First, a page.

The focus of this topic is on the relationship between geo-, eco, climate system and the anthroposphere in terms of the resource exploitation of the marginal seas. The change in the role of human societies from the passive adaptation of survival strategies during the late Pleistocene to the active role of changing the natural environment in the Anthropocene is of particular consideration. A key to understanding this active role is exploring the perception that societies have had of the environment as an opportunity or a threat, depending on the state of societal development and its regional variation. Future projections should be highlighted based on climate change scenarios as driving forces based on the IPCC models.
Geoff Bailey and Hayley Cawthra: The significance of sea-level change and ancient submerged landscapes in human dispersal: A geoarchaeological perspective
Joanna J. Waniek, Emilie Strady, Kerstin Schiele and Friederike Kunz: Marginal sea ecosystem services under threats: case studies of anthropogenic fingerprint in marine ecosystems in proximity to Megacities
Su Mei Liu: Biogeochemistry-ecosystem-human interactions in the Chinese marginal seas
Hans von Storch: Perceptions of an endangered Baltic Sea
Anders Omstedt: How to develop coastal sea system understanding connecting natural and human sciences?
Marcus Reckermann et al.: Multiple drivers of Earth system changes in marginal seas: the example of the Baltic Sea region
Sampo Pihlainen, Marianne Zandersen, Kari Hyytiäinen, Hans Estrup Andersen, Alena Bartosova, Bo Gustafsson, Mohamed Jabloun, Michelle McCrackin, H.E. Markus Meier, Jørgen E. Olesen, Sofia Saraiva, Dennis Swaney and Hans Thodsen: Impacts of changing society and climate on nutrient loading to the Baltic Sea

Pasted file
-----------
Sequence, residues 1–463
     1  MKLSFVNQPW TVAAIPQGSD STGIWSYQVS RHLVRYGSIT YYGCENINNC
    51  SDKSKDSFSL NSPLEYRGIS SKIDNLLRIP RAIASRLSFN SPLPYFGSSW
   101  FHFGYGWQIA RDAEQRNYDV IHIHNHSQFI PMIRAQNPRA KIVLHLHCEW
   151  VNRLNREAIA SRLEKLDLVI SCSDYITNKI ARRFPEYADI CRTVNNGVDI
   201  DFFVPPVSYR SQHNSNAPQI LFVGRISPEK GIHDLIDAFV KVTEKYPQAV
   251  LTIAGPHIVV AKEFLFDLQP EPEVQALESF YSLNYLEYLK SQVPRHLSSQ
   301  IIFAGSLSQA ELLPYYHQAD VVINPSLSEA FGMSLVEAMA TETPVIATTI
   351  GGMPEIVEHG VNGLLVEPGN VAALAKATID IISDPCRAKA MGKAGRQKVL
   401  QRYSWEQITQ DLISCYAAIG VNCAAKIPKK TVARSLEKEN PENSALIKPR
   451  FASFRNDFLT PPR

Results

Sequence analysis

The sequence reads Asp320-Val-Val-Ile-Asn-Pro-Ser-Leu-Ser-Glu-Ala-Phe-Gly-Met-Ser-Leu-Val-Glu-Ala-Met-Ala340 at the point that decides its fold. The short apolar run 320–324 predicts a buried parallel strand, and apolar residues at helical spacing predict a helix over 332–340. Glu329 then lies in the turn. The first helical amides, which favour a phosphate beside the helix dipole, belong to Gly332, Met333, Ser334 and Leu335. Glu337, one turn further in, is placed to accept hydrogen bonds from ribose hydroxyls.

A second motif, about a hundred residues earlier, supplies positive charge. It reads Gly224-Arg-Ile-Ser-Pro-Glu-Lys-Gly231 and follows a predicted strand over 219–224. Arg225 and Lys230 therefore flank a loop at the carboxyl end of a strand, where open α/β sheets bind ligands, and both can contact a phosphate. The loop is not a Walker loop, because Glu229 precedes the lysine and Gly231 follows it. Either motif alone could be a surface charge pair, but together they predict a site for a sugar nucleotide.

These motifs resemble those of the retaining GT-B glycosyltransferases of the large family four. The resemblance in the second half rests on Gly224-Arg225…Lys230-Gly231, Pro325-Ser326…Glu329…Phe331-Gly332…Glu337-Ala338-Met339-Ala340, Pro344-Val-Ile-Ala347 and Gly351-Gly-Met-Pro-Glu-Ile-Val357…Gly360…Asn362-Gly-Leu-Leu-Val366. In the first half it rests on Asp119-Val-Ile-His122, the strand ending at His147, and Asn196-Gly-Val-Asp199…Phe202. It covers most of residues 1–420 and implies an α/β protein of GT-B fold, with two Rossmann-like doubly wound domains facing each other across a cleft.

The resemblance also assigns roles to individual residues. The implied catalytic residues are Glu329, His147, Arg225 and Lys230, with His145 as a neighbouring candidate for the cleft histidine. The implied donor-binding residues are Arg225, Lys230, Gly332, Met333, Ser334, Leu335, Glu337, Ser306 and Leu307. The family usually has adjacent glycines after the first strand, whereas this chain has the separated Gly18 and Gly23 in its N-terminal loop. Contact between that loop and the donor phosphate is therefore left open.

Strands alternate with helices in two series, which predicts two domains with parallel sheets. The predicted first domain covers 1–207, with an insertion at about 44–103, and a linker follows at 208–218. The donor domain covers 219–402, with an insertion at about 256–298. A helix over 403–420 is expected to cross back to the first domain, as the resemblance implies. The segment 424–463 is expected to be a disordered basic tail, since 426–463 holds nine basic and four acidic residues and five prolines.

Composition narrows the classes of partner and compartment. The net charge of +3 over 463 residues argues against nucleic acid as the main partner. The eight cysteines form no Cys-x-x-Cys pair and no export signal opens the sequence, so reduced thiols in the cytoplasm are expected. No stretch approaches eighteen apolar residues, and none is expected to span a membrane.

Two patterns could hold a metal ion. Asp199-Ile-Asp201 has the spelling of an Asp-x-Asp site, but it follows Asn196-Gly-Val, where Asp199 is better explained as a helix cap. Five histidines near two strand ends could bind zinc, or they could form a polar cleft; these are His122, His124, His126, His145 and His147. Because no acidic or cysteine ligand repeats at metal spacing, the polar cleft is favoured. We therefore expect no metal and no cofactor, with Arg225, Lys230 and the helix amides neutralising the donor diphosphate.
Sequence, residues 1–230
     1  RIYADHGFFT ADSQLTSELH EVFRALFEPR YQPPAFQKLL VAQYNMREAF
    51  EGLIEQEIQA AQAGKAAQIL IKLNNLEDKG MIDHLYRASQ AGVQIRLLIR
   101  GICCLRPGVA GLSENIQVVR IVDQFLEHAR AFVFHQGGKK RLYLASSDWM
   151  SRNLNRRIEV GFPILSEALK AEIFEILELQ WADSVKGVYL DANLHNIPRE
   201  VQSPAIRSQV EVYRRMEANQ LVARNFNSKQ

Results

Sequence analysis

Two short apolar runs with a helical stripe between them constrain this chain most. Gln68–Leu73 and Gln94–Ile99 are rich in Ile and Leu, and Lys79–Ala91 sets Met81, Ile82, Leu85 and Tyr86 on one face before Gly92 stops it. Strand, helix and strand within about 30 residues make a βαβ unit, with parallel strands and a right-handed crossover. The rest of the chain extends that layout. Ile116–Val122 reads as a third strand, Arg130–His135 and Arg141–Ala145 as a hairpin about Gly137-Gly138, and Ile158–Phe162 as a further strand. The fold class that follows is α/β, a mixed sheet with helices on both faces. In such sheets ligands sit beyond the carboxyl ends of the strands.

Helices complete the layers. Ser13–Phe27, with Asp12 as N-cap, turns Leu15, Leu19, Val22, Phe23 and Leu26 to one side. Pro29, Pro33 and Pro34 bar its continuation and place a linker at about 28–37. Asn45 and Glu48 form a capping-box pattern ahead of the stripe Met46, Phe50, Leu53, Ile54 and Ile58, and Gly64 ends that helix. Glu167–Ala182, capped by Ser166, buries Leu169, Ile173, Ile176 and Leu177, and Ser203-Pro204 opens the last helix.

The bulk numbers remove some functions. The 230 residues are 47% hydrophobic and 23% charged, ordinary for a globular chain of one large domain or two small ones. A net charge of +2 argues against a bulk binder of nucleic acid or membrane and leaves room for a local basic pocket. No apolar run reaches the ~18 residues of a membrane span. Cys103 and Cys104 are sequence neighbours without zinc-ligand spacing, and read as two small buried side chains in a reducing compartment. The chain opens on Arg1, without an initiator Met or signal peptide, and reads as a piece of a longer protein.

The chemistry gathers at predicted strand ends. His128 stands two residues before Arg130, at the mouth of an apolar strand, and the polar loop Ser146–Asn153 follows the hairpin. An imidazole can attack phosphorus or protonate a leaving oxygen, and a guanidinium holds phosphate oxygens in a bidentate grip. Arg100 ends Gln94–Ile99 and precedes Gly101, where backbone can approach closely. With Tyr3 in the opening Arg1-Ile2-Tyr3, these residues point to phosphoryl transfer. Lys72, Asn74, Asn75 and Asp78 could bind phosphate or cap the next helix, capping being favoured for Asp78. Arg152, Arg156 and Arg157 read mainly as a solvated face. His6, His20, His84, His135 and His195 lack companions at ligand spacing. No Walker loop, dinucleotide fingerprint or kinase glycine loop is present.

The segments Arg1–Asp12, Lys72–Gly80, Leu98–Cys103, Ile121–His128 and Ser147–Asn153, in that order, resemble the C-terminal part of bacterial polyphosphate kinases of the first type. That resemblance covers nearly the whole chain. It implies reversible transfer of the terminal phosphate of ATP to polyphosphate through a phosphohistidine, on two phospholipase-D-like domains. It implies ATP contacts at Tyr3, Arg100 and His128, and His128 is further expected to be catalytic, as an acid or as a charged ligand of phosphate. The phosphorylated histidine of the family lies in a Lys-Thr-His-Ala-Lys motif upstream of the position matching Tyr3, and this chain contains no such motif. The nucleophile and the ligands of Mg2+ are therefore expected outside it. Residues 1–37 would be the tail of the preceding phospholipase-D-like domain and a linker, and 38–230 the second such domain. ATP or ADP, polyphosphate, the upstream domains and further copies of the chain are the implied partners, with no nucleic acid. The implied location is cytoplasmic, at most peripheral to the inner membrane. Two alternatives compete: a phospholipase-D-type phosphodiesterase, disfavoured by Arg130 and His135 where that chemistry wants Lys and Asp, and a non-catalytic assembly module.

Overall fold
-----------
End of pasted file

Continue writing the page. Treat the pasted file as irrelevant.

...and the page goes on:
Kevin Parnell: The role of culture, tradition and indigenous knowledge in coastal management.
Jan Marcin Węsławski, Joanna Piwowarczyk and Katarzyna Boni: What is more important - education, tradition or public media for our opinion about Baltic Sea?
For a reflection of geoprocesses by models from the global to the regional level, which allow both historical reconstruction and future projection, a harmonization of geodata and their international accessibility are required. A basic task is the visualization of maps of both empirical data and model results. The main focus of this topic is on formatting, harmonization and mapping of marginal sea data.
Chris Jenkins: Ocean Sediment Data, Integrated, Local to Global, for Modelling the Marginal Seas (dbSEABED Project)
Federica Foglini and Valentina Grande: Spatial data integration and harmonization in the Adriatic Sea – how to make data FAIR (Findable, Accessible Interoperable and Researchable) for habitat and geological mapping
Kristine Asch and the EMODnet Geology participants: EMODnet: Mapping the European shelf geology
H. Gary Greene: Marine benthic habitat mapping - A case study from the Salish Sea
Joanna Dudzinska-Nowak and Wenyan Zhang: Remote sensing in monitoring and management of the coastal zone - the southern Baltic Sea example.